b. Jan. 8, 1821, Edgefield District, S.C., U.S.d. Jan. 2, 1904, Gainesville, Ga.
Longstreet was a Confederate officer during the American Civil War.
graduate of the U.S. Military Academy at West Point, N.Y.
(1842), he resigned from the U.S. Army when his native state
seceded from the Union (December 1860); he was made a
brigadier general in the Confederate Army. He fought in the
first and second battles of Bull Run, called First and
Second Manassas by the Confederates (July 1861;
August-September 1862); was a division commander in the
Peninsular Campaign (March-July 1862); and at Antietam
(September 1862) and Fredericksburg (November-December 1862)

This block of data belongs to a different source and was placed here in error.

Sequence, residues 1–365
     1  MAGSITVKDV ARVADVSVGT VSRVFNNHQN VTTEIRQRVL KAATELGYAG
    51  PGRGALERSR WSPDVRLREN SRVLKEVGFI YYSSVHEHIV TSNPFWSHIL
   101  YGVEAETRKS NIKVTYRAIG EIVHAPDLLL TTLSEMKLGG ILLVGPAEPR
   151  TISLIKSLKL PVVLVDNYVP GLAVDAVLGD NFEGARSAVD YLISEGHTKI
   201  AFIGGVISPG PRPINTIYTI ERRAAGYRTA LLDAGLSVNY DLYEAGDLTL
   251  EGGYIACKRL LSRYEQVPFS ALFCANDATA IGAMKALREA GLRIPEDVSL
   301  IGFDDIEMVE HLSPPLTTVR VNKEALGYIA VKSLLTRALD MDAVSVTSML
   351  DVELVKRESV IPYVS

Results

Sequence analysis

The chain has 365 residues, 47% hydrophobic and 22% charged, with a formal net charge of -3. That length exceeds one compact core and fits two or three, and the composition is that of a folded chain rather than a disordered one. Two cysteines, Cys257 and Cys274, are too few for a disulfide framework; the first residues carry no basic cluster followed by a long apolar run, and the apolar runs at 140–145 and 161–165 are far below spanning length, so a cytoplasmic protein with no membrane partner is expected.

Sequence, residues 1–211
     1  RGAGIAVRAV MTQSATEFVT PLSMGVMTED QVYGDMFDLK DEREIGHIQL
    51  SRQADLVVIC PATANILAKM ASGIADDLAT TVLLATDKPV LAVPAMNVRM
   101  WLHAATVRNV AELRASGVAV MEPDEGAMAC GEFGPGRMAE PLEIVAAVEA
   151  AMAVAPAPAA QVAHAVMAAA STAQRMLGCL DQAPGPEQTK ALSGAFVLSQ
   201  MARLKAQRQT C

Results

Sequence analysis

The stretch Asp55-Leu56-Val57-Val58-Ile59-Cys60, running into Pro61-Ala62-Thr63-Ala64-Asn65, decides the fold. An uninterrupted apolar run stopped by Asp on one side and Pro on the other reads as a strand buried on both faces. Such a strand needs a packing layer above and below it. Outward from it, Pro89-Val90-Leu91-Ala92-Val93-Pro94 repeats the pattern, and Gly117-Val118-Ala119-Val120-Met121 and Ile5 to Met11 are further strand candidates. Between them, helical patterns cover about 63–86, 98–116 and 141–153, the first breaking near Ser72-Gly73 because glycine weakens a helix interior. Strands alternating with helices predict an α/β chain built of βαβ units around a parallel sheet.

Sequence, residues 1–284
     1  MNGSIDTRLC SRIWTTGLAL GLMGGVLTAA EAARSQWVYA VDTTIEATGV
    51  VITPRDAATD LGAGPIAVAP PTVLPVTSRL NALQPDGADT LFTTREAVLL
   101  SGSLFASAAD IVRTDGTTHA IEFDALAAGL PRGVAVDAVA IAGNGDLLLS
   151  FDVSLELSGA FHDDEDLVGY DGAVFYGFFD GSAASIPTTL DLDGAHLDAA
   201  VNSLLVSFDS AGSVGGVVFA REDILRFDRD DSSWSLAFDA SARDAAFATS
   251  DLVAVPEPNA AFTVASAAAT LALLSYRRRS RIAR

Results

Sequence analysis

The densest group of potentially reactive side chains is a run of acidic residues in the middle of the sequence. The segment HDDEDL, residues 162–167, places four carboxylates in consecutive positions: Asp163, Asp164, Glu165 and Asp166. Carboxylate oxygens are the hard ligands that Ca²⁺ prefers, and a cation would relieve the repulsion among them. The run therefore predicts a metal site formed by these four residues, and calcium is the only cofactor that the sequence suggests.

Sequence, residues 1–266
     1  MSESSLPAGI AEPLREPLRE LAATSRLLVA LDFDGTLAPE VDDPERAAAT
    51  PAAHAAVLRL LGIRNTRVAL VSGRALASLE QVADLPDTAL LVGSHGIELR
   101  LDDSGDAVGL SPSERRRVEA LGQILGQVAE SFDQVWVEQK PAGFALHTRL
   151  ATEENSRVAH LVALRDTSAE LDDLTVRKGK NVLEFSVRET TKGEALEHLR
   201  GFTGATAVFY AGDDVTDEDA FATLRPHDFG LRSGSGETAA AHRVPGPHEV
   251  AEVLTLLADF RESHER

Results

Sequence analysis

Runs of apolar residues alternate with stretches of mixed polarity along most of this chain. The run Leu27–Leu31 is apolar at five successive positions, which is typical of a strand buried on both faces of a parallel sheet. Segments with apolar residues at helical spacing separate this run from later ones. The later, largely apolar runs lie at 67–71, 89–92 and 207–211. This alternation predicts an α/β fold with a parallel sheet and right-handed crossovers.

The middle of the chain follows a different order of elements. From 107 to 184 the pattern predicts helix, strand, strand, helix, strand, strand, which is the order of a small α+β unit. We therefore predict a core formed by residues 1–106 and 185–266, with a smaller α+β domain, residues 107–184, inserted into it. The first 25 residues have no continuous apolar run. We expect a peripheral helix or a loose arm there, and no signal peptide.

commanded what was soon called the I Corps in the Army of
Northern Virginia. Promoted to lieutenant general (1862),
Longstreet participated in the Battle of Gettysburg as Gen.
Robert E. Lee's second in command. His delay in attacking
and his slowness in organizing "Pickett's Charge," his
critics argue, were responsible for the Confederate defeat
at Gettysburg; others, however, place the blame on Lee,
citing his inability to cope with unwilling officers. In
September 1863 he directed the attack at Chickamauga that
broke the Federal lines. He was severely wounded in the
Wilderness Campaign. In November 1864, although with a
paralyzed right arm, he resumed command of his corps. He
surrendered with Lee at Appomattox.
the war he became unpopular in the South--partly because of
his admiration for Pres. Ulysses S. Grant and partly because
he joined the Republican Party. He served as U.S. minister
to Turkey (1880-81) and commissioner of Pacific railways
reminiscences, From Manassas to Appomattox, appeared in